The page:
Posts tagged Euromonitor

Gone is the old, slightly clunky interface for FAME, now there’s an option to select the all new interface shows us that it compares to the slightly flashier interfaces of Euromonitor and Mintel (we’ve requested to permanently replace the old version on FAME).

We’re delighted that this upgrade has taken place.  There’s now a help guide available, as well as being able to compare the profit and loss account of, for instance, supermarkets in the East Midlands under Pivot Analysis. Another feature is being able to see the calculations of a gearing ratio which is absolute gold dust to accountancy and finance students; comparable in usefulness to the SWOT and Porter’s Five Forces Analysis on Marketline.  Unlike the old version, there’s a warning if you use the back button so you won’t lose your work. It’s certainly worth exploring in greater depth.

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The Euromonitor International blog is a veritable feast of contributions, videos and presentations that I find is worthwhile to examine on a regular basis for anyone interested in marketing, investment and strategic management. Today I was interested in luxury goods and was interested to find that an expert analyst, Rob Walker, had written a blog post on luxury spirits. You can find other categories on the right hand side of the blog and identify related posts.  Correct me if I’m wrong, but no other database offers this kind of informative blog that is updated so regularly. It also gives me loads of information to blog about!

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In another of our series promoting the delights of the Euromonitor database (library.lincoln.ac.uk > resources > databases > E > Euromonitor) and a Tourism-based theme, I have chosen Trends in Airlines in the Caribbean to highlight that both regional and international airlines boosted overall travel industry performance in the Caribbean. Do you know that last year many airlines added Caribbean destinations? It will be interesting to see how this trend will continue with the opening of Cuba and the lifting of the US embargo on trade after more than fifty years of isolation. Watch the video to find out what the commentator says about this aviation opportunity. An uplifting photo too….

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Often students struggle on how to start an assignment which asks them about entering a new market with a product of their choice. Which product and what country to invest in? How can they see what the market volume is and whether it is worth entering a country where the market has a healthy forecast? Help is at hand. Fortunately, Euromonitor has the answer to these questions and much more, particularly as I have been exploring the wizardry Dashboard feature (below) on the database which provides the researcher with useful market size and insightful forecast, meaning they can learn if a market has potential or has reached saturation point. The following six-step instructions is a method to easily answer an international business assignment within a few well-spent minutes.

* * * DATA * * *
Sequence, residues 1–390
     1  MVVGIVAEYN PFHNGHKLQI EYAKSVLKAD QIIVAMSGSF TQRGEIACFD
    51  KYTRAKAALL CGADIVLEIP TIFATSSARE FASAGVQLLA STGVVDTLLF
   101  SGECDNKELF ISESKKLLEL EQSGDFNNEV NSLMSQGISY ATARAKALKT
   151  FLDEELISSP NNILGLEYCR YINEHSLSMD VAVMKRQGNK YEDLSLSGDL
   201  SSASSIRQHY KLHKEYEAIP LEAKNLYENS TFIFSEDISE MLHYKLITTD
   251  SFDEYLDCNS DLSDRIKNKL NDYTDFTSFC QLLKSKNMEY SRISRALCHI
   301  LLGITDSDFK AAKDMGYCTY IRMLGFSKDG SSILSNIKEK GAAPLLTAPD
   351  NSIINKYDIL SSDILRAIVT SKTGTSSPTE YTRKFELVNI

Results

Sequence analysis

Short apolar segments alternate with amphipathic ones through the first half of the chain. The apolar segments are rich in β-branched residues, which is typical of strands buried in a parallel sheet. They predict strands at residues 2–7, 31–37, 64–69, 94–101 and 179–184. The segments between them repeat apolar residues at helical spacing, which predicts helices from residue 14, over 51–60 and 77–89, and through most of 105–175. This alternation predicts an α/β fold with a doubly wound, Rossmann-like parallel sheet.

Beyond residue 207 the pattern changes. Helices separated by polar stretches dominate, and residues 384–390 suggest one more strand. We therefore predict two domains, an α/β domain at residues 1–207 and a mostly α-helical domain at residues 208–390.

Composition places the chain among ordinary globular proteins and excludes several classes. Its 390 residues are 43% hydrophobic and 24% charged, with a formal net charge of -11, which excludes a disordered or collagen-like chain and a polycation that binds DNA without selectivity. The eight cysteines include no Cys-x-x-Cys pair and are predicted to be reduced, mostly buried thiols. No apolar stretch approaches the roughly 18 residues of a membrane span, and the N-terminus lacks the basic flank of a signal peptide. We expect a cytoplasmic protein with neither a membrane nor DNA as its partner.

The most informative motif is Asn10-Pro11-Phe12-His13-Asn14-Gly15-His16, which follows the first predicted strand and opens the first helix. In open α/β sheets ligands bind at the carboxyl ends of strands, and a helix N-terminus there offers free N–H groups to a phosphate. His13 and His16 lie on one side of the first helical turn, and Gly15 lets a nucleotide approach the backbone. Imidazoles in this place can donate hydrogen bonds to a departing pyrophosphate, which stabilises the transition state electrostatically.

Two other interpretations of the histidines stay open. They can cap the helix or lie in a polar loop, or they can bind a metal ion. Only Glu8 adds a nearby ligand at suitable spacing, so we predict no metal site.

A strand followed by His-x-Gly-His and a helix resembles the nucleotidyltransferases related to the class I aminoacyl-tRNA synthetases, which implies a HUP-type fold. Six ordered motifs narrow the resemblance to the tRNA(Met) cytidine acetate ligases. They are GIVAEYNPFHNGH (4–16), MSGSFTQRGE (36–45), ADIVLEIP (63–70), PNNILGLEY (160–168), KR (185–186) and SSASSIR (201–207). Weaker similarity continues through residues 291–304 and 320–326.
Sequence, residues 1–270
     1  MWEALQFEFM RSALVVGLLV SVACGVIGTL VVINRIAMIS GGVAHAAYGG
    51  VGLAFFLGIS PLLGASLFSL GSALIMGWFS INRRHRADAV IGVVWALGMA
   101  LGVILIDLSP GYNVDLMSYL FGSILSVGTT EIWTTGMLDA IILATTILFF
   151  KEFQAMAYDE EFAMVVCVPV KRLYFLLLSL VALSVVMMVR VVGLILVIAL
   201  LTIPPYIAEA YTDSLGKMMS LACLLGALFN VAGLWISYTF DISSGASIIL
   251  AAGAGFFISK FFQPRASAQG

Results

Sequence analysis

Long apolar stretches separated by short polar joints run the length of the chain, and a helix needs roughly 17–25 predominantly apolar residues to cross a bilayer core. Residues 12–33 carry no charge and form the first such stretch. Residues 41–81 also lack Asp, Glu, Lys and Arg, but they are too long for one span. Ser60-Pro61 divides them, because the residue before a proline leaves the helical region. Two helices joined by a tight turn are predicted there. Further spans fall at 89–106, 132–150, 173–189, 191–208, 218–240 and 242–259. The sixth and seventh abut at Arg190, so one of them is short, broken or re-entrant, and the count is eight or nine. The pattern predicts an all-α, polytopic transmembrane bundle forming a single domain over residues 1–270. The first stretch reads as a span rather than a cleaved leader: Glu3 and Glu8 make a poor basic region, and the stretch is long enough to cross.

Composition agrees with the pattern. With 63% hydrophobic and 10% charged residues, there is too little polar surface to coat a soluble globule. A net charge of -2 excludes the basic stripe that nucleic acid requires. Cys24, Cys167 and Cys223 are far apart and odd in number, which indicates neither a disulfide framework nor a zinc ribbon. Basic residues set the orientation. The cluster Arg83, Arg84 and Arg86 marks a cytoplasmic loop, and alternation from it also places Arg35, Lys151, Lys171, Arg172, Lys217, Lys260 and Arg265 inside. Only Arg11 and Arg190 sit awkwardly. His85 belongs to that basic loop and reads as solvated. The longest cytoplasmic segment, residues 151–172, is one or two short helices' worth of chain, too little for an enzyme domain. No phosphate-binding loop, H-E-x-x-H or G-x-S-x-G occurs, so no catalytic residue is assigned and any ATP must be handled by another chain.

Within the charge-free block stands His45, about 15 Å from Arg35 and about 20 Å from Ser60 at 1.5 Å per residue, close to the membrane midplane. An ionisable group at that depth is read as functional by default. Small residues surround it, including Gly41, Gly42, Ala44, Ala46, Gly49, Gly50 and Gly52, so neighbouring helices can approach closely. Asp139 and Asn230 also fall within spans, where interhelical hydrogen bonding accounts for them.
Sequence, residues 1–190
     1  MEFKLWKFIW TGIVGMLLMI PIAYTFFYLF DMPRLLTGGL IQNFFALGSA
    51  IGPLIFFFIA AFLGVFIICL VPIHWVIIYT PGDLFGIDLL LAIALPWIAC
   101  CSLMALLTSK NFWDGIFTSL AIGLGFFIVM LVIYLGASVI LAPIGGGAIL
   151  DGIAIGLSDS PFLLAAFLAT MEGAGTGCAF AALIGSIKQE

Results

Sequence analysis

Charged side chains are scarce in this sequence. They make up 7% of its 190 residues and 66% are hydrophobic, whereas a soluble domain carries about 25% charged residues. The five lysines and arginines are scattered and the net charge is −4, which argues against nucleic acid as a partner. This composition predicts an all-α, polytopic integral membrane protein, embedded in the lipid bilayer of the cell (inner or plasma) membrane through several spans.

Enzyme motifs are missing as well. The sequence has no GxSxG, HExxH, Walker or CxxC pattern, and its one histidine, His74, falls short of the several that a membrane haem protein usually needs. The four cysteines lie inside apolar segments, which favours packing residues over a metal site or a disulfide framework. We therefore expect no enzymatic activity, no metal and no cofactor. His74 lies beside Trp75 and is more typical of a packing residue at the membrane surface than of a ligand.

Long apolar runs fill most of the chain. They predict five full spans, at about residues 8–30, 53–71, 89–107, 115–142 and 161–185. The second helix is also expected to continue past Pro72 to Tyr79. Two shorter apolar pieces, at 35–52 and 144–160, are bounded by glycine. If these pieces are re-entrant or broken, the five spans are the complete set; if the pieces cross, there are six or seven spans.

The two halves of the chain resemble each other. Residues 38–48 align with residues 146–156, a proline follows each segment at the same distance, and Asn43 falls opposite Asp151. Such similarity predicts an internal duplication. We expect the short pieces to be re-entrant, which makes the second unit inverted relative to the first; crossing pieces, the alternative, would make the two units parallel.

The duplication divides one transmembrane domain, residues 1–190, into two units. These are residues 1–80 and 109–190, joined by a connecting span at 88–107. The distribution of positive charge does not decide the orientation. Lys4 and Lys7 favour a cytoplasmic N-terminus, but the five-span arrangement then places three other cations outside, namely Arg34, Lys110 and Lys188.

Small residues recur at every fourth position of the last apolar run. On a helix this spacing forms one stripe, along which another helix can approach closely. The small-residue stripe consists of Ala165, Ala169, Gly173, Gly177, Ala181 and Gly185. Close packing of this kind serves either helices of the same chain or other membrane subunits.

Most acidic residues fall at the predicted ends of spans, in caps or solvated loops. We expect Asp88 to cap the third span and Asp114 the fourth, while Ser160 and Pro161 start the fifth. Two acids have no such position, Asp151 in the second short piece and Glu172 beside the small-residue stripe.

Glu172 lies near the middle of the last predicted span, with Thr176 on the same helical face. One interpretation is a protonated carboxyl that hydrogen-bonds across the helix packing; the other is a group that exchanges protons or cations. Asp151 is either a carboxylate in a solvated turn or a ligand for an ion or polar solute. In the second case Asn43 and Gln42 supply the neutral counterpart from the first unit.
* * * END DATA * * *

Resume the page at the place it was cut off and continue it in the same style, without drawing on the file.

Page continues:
Purely hypothetically if I am interested in selling smartphones in Vietnam via shopping outlets does this idea have any business potential. Simply, is it worth investing in?

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1. Firstly, go to library.lincoln.ac.uk > resources > E > Euromonitor.

2. On the homepage go to Choose Industry > Consumer Electronics > Dashboard > GO.

3. Table 1 below shows the market size of consumer electronics (dark blue showing the greatest)

Table 1: Consumer Electronics Dashboard (Market Size)

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4. This map can be changed to forecast (on the top left-hand side) to show forecast, to find out whether a growth area like India or far-eastern Asia is worth investing in, and immediately we can see the darker blue areas are worth investigating further.

Table 2: Consumer Electronics (Forecast Growth)

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5. If we select Channel View from the tabs we can appreciate that some of far-eastern Asia sells a double-figure growth in consumer electronics using store-based retailing.

Table 3: Store-Based Retailing (Historic Growth)

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6. Choose category > Portable Consumer Appliances > Mobile Phones. We can see that from Table 4 the paler blue areas might be worth investigating, like Vietnam. We can hover our mouse over an area and break the data into smaller chunks.

Table 4: Mobile Phones (market size)

 

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Table 5: Mobile Phones (forecast growth)

 

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From Table 5 we can see that consumer electronics are a boom area in Vietnam and selling mobile phones via store-based retailing is worth investing in. Indeed, by hovering the mouse over the country we can see that mobile phones sales are predicted to grow an amazing 13.7%. From these simple steps we can see that it is possible not only to find an idea for an assignment using Euromonitor but we are able to plan the structure too. We can also drill down further into whether we are selling Smartphones, or another mobile phone product. Market wizardry in a snapshot!